Conservationists isolate in remote Highlands glen to save trees

A team of conservationists has opted to self-isolate in a remote glen in the Scottish Highlands in a bid to save more than 100,000 young trees from being lost due to the coronavirus crisis lockdown.

Six volunteers from the charity Trees for Life have chosen to isolate themselves at the organisation’s estate at Glenmoriston, near Loch Ness, to look after the saplings.

The trees – including Scots pine, rowan, juniper, hazel, holly and oak, as well as rare mountain species such as dwarf birch and woolly willow – have all been grown carefully from seed at a special nursery at Dundreggan estate and were due for planting out on the hills this spring.

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The trees are being planted as part of a major rewilding project, which aims to restore areas of Scotland’s ancient Caledonian Forest and its unique wildlife.

Glenmoriston where conservationists are isolating to save up to 100,000 treesGlenmoriston where conservationists are isolating to save up to 100,000 trees
Glenmoriston where conservationists are isolating to save up to 100,000 trees

But concerns were raised that they might not survive without regular care.

“We were all set for another busy season of preparing thousands of young native trees for planting on the hills by our volunteers when the coronavirus crisis forced the postponement of this spring’s tree-planting, meaning tens of thousands of young trees have not left our nursery as planned,” said Doug Gilbert, Trees for Life’s Dundreggan manager.

“But nature isn’t in lockdown. All these precious trees have been coming into leaf and we need to take care of them – especially in the dry weather we’ve been having.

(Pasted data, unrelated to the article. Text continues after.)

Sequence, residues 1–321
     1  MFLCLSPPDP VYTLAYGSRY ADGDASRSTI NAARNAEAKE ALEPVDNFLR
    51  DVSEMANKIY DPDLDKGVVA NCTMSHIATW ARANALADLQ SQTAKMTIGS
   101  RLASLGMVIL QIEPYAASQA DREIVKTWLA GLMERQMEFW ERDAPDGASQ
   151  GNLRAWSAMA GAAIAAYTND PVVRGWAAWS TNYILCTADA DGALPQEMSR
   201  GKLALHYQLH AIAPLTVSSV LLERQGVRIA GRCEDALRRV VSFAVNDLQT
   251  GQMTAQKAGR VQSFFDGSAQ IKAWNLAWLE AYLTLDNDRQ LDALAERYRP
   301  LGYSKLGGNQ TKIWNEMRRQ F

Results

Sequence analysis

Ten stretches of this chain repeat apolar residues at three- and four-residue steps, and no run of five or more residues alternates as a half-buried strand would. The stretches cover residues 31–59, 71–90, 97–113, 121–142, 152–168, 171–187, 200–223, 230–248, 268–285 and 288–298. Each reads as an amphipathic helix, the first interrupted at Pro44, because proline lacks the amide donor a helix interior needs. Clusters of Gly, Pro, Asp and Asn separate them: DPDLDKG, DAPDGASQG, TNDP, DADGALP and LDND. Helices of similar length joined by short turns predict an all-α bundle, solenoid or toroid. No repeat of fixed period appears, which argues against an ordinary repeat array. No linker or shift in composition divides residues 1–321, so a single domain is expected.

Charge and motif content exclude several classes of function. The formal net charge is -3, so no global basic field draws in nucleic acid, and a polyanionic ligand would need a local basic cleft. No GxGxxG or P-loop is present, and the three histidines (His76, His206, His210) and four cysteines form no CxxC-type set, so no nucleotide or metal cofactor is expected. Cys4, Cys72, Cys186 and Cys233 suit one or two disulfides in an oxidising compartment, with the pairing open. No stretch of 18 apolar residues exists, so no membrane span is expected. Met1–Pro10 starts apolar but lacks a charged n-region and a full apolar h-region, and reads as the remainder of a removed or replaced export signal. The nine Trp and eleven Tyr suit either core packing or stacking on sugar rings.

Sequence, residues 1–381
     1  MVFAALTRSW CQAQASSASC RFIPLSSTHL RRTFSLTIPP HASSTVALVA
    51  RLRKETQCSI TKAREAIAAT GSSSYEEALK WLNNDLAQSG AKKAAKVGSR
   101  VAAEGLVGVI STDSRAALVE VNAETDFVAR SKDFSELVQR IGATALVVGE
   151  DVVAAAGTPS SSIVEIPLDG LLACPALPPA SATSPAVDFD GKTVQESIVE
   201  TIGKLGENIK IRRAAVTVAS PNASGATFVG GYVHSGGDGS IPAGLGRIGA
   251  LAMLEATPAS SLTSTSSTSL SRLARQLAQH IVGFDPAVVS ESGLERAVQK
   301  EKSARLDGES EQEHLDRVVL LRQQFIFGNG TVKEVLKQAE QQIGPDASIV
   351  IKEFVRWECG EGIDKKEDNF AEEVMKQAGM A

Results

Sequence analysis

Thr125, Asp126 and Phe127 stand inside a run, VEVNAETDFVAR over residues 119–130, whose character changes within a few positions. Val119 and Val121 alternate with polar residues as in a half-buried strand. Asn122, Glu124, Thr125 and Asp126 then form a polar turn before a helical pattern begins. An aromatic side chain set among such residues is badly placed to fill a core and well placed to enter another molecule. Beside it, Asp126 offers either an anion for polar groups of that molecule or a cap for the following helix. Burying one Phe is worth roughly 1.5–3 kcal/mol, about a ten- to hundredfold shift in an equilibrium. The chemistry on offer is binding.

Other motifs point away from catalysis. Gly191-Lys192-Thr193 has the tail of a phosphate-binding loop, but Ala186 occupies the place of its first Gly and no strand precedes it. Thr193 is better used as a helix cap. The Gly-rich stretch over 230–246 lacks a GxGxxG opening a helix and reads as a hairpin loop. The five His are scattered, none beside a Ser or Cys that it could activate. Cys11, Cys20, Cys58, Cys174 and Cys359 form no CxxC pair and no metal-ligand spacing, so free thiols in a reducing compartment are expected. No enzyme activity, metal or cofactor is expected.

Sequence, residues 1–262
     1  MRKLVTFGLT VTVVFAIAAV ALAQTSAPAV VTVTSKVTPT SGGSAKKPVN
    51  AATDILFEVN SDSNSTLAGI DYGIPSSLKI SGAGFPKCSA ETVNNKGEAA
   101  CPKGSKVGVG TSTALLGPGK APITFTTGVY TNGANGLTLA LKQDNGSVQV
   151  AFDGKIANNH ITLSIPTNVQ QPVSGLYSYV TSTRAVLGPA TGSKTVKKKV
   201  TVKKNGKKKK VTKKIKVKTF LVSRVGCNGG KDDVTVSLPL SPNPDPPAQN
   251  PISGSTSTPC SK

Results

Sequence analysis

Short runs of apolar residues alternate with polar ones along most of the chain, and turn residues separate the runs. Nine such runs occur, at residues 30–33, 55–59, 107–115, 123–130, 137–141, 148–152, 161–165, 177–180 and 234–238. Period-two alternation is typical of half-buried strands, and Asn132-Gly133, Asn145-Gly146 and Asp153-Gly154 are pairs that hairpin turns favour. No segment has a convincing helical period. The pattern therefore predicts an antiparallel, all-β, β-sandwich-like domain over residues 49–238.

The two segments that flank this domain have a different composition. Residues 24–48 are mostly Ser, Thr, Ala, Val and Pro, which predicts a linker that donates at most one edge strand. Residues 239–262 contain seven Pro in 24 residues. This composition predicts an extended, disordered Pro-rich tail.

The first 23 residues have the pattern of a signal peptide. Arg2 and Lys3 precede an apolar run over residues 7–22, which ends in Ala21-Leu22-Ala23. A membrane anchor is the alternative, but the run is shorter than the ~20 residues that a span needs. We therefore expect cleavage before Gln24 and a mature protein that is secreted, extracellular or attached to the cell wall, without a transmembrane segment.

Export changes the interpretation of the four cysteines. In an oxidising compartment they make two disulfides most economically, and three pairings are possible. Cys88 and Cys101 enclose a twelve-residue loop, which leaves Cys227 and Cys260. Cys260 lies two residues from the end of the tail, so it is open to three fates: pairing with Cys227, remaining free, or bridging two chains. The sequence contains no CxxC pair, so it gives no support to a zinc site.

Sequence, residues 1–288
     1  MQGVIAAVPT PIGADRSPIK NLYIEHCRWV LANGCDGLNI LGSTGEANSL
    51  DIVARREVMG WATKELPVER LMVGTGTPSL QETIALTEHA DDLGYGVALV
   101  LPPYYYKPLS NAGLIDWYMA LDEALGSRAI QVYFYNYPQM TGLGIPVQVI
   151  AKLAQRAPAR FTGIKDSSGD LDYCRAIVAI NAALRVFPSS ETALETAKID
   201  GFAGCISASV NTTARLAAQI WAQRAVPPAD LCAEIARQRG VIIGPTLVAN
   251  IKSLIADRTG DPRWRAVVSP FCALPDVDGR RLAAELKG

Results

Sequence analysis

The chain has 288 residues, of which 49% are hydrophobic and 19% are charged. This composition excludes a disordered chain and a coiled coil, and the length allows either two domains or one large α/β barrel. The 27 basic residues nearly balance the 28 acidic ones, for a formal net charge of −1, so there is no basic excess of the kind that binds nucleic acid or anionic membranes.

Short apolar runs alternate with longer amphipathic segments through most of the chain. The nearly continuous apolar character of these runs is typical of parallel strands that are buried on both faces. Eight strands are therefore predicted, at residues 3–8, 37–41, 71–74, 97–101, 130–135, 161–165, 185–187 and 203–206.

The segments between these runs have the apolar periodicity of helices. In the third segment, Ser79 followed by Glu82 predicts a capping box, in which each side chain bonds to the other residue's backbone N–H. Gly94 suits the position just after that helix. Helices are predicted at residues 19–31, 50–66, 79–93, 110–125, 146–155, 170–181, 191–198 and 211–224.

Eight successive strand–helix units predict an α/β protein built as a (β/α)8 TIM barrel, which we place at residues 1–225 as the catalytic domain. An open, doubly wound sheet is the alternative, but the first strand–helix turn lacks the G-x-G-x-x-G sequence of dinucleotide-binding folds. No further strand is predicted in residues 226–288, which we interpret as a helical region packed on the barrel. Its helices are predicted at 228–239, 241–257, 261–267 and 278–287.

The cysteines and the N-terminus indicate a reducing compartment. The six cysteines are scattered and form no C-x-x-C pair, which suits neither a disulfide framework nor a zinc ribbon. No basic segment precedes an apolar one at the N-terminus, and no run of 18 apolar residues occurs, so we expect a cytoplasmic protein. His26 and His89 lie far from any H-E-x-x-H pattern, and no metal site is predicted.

“Without regular watering they would all die.

“We also needed to start sowing new seed now to ensure a supply of trees for future planting seasons.”

So he and colleagues Abbey Goff, Emma Beckinsale, Patrick Fenner and trainees Catriona Bullivant and Louise Cameron opted to isolate themselves at Dundreggan rather than at their homes when the national lockdown was announced.

The team is remaining on site at Dundreggan, only leaving for essential reasons such as collecting prescriptions.

Food is being brought via deliveries from supermarkets and local suppliers.

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Mr Gilbert added: “No one has visited us for weeks now, except for delivery drivers and the postie. We’re here in isolation for the long-haul if needs be – together with a growing forest for the future.”

As well as being an internationally important forest restoration site, Dundreggan is a biodiversity hotspot that is home to more than 4,000 plant and animal species.

Important discoveries made there include several species never recorded in the UK before or previously feared extinct in Scotland.

The estate has over the years employed some unconventional methods to optimise the growing conditions in the glen – including letting loose a pack of “human wolves” in the woods at night to scare off marauding deer, which cause damage to young trees.

Trees for Life has announced plans to open the world’s first rewilding centre at Dundreggan in 2022.

The pioneering enterprise is expected to welcome more than 50,000 visitors each year, encouraging people to explore the wild landscapes, discover Gaelic culture and learn about the region’s unique wildlife - such as golden eagles, pine martens and red squirrels.

As well as an all-weather visitor centre with café and events space, it will provide child-friendly forest experiences and accessible trails as well as more challenging walks.

A range of activities for visitors to the area and groups with specific needs will also be on offer.

It’s hoped these will enable more people to get outside to experience nature up close and encourage an interest in rewilding.

It’s thought around 15 new local jobs will be created at the centre.

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